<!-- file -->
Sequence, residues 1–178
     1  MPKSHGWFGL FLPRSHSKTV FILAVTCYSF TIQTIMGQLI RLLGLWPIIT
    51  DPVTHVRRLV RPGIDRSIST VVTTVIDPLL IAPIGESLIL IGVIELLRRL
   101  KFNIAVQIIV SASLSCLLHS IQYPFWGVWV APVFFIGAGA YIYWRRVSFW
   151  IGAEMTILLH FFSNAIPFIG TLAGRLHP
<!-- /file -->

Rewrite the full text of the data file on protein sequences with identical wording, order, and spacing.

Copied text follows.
Sequence, residues 1–178
     1  MPKSHGWFGL FLPRSHSKTV FILAVTCYSF TIQTIMGQLI RLLGLWPIIT
    51  DPVTHVRRLV RPGIDRSIST VVTTVIDPLL IAPIGESLIL IGVIELLRRL
   101  KFNIAVQIIV SASLSCLLHS IQYPFWGVWV APVFFIGAGA YIYWRRVSFW
   151  IGAEMTILLH FFSNAIPFIG TLAGRLHP